I was admittedly resistant to the idea of ever leaving Valencia.
So, I bid Valencia a very fond farewell…
Possibly…. just possibly…. Toledo is also my favorite (I can have three favorites! It’s my blog, after all.)
Toledo reminded me both of Edinburgh and of Mont Saint Michel in France. It is one of those cities that retains a strong sense of its oldness.
We got lost in narrow alleyways. We tripped on cobblestones. We climbed up, up, up and then back down and around as we explored the streets.
Toledo has an excellent cathedral. Once again, there was a no photos sign, but once again, it was being cheerfully ignored by tourists one and all. I took that to mean that the No Cameras! sign was just a suggestion.
One of the security people wandering about actually yelled (in a very quiet ‘this is a cathedral’ sort of way) at one person: ‘No flash! No flash!’ So I guess they realize the futility of keeping people from photographing the cathedral and are just trying to keep the flashes down to a minimum.
I will never tire of photographing cathedrals:
The soaring arches and dark corners,
Cathedrals represent centuries of labor followed by centuries of history and worship and conflict. They are the first thing that you see as you enter the city, their spires rising up above everything else and beckoning the wanderer to its grand, arched doors.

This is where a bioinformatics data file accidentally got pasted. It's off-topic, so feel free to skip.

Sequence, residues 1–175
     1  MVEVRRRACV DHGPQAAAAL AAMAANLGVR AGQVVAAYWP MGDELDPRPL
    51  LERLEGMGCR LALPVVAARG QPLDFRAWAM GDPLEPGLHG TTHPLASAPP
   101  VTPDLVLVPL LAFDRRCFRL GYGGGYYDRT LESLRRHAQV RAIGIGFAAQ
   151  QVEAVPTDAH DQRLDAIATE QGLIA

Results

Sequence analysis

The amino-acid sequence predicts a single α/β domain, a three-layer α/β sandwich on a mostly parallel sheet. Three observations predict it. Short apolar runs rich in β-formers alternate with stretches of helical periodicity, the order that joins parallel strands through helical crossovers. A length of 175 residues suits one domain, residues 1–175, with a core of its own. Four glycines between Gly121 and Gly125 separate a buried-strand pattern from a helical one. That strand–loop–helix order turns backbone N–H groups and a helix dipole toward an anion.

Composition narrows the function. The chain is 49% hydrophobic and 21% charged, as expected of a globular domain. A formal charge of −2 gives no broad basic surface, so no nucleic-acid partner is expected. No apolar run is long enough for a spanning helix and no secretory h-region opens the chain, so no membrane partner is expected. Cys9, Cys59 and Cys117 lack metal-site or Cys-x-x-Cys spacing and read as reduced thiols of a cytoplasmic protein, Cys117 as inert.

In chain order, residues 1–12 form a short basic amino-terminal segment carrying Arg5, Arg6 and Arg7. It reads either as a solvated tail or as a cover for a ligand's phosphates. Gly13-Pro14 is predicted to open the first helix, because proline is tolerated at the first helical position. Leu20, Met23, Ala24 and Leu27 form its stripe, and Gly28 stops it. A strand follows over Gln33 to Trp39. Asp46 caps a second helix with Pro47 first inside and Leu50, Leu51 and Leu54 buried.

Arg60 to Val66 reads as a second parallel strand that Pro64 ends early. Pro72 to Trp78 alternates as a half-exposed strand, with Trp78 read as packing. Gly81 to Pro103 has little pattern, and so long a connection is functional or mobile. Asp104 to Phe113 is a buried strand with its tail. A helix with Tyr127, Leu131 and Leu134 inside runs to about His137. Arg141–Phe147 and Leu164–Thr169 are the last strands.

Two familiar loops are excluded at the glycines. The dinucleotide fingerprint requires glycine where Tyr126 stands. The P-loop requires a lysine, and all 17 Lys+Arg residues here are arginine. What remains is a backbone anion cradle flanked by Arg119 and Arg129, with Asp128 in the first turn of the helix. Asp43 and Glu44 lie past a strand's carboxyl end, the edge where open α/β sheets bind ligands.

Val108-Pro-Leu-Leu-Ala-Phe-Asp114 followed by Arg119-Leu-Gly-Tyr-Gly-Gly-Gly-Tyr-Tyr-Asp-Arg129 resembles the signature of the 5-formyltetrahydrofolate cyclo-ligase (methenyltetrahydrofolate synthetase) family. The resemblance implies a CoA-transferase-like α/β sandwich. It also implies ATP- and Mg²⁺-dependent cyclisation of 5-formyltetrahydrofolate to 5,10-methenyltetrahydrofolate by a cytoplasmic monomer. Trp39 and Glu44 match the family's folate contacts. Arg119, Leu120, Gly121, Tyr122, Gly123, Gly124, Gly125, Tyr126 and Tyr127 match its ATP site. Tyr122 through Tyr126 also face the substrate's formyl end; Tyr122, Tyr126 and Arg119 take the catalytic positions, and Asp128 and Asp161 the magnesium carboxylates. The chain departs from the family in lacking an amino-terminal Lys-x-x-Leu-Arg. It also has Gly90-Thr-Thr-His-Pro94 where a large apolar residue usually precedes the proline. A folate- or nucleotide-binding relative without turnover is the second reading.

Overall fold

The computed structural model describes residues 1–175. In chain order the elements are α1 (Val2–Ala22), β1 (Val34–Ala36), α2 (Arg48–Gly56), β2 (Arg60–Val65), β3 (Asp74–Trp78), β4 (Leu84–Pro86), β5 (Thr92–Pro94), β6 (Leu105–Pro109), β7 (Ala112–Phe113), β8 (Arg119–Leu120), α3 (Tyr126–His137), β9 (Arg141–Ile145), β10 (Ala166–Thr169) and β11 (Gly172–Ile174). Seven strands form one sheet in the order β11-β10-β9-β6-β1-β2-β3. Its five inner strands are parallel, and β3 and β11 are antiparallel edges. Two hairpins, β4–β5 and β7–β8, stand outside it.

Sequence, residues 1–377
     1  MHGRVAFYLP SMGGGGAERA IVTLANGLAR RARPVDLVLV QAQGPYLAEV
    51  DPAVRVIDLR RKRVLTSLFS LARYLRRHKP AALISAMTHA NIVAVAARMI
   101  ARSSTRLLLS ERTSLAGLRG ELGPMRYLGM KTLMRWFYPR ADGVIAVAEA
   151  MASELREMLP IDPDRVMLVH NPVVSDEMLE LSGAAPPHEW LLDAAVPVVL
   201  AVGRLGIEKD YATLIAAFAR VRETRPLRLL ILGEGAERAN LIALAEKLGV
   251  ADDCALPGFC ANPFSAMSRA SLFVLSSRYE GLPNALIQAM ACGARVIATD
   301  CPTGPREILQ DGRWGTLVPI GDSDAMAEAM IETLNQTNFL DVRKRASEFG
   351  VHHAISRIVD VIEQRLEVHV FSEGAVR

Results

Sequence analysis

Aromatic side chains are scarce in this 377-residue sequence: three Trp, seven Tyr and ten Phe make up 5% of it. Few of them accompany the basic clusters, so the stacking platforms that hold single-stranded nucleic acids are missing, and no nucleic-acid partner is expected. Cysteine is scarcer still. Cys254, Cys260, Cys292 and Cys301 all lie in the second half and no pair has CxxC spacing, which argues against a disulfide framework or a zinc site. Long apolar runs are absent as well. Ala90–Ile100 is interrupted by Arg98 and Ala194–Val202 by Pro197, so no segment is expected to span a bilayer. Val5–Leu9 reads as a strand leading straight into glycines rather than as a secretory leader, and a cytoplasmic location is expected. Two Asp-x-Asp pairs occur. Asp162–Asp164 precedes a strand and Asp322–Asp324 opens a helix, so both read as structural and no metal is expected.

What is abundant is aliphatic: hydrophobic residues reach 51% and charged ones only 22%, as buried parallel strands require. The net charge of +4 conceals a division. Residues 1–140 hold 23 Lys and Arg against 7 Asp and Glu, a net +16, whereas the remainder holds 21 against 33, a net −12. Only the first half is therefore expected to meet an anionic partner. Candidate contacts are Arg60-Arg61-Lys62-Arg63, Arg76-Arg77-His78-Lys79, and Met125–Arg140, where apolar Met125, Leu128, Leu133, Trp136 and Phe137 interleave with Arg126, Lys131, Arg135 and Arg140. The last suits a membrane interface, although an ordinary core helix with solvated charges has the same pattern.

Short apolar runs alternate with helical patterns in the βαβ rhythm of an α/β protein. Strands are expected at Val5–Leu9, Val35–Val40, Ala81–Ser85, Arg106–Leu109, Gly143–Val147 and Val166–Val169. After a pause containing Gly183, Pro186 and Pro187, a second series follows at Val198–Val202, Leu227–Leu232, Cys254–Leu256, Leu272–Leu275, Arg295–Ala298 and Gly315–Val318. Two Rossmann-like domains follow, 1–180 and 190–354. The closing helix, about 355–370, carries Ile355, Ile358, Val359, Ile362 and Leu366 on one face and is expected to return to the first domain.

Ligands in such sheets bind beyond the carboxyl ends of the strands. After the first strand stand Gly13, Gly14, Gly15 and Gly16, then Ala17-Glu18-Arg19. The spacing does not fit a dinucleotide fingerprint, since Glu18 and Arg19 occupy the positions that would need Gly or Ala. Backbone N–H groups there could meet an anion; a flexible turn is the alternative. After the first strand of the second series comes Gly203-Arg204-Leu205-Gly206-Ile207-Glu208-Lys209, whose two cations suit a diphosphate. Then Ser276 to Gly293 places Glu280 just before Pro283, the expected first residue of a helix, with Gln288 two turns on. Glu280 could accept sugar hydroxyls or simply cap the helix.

We opted to pay a little extra to climb the tall tower. Views on the way up were splendid.
Yes, it’s a touristy sort of city. Hello, Don Quixote!
But if you embrace the touristiness along with the oldness, these cities can be a lot of fun to explore.
After a few hours in the military museum (housed in the old fortress), we made our way down to the bridge for some glorious views of the city at sunset.
Really, it doesn’t get much better than this. I was resigning myself rather well to having had to leave Valencia behind. There was sunshine here too.
And it wasn’t all that cold really. From the bridge, you could enjoy a perfect vista of river and city as the sun cast its final glow.
The stark contrast between the human eye and the human experience and that of the little piece of technology that I love so much – the camera – is never so clear as when I am trying to capture a moment such as this. The eye, the mind, the emotions can soak it in, every detail, but a camera is woefully limited.
But a camera is still a worthy supplement to memory. I wanted to bring this sky back with me so that in the rainy days of a Scottish spring, I can still see my Toledo sunset.
In the morning, I had an epic journey home ahead of me. I walked to the train station early that morning; hopped a train to Madrid; took the metro to the airport; sat amidst a crowd of disgruntled fellow travelers as our flight was delayed for two extra hours; contracted a migraine and spent the flight thinking dreamily of my snug little flat in Edinburgh; got my final passport stamp for the journey and took the bus to the city centre (at this point not entirely conscious); gave myself a blurry pep talk to get up that long, steep hill to my building;
and dispensed with luggage and collapsed in a heap Sunday is a day of rest and then I can jump back into my studies with Canterbury, Paris, and Spain as fond memories represented in a wall of postcards.